Log Market - September 2008

PF Olsen has been receiving an unprecedented level of direct log supply enquiry from Chinese log purchasers recently. "It is not unusual to receive a flurry of enquiry from offshore buyers from time to time", says Peter Weblin, PF Olsen's marketing manger, "However, I have not seen such a high a level of enquiry before." This is consistent with reports of Chinese log buyer enquiry being reported from big log suppliers such as British Columbia. B.C. forest company TimberWest Forest is reporting that Chinese delegations are sending out feelers to B.C. in their search for supply to replace Russian exports, should the tax go into effect as proposed.

PF Olsen has commenced supplying three new log purchasers in the past 6 months resulting in better prices especially from the smaller export ports. The container trade, in particular has opened up some supply opportunities that were previously unavailable and provided attractive export options for PF Olsen client logs.

North America

An interesting statistic from a recent Crows market report (in the US) suggests that the malaise in the U.S. housing sector may be drawing to a cyclical bottom. Unsold home inventory has been dropping by 10,000 units per month for the past 12 months, and dropped a huge 25,000 units in June. However, lumber consumption in the U.S (which dropped 15% in the first half of this year) is not expected to start growing until the second quarter of 2009. So on this basis, it will still be some time before improvement is felt in terms of NZ log business.

One interesting dynamic of the timber market is that supply of logs and production of lumber and processed timber products has reduced rapidly and helped to underpin prices. For example, lumber and panel production in the US, British Columbia and the rest of Canada is down between 20 and 30% this year compared to production levels last year. Prices are holding as inventories remain tight.


Despite the Korean economy close to recession and construction activity well down, a fragile balance continues between subdued demand and low volumes being shipped from NZ. In contrast Chinese demand is strong and prices are up accordingly, particularly for industrial grade logs. Russian logs remain very expensive and volumes are well down. This scarcity of Russian product has opened up markets in northern China for NZ Radiata, although it is too early to tell if this new business will be ongoing. Japan remains steady and India is recovering rapidly - post monsoon activity is picking up and the once high inventories have shrunk dramatically.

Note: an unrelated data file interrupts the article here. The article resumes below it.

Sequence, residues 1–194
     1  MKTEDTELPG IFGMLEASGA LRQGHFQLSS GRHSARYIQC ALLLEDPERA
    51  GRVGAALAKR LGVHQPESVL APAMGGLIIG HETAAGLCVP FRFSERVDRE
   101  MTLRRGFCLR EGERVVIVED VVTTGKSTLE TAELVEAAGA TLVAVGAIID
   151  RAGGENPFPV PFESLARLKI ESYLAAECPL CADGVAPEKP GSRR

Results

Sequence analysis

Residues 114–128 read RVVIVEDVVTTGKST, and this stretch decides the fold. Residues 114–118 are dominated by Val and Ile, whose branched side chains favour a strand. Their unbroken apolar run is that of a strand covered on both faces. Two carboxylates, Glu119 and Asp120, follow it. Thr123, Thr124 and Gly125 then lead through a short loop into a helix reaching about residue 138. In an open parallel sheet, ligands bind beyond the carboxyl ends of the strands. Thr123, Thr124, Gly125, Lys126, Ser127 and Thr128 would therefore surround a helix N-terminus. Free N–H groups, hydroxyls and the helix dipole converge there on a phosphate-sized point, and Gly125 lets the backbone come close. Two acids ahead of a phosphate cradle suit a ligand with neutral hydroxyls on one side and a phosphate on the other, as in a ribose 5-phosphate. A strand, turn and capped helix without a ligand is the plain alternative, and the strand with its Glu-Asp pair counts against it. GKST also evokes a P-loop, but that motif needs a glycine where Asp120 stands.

Turning to NZ, the NZX Agrifax Log Price Index, which measures returns from the whole forest, improved by almost $2 to $73 a tonne in its August report, thanks almost entirely to higher export returns. This is the fourth successive month that the index has risen and it is at its highest level in over a year.

New Zealand

Demand has been steady but the difficult U.S. trading conditions are hitting pruned sawmillers, such as Tenon, hard. The unpruned market is just holding its own with lower logs supply levels matching lower production levels and a weaker market-place. Consequently prices are holding, just. Pulp/chip log prices are set to firm as the sustained period of reduced logging and sawmill activity has cut supplies of logs and chip substantially. Also the export recovery is reclaiming some industrial grade logs that until now were ending up as chip.

Will the proposed Russian export log tariffs trigger a 1993-like price spike?

With the huge increase in the levy on export logs pending early next year, there is considerable speculation on both whether it will actually happen (to the extent announced), and what impact it could have.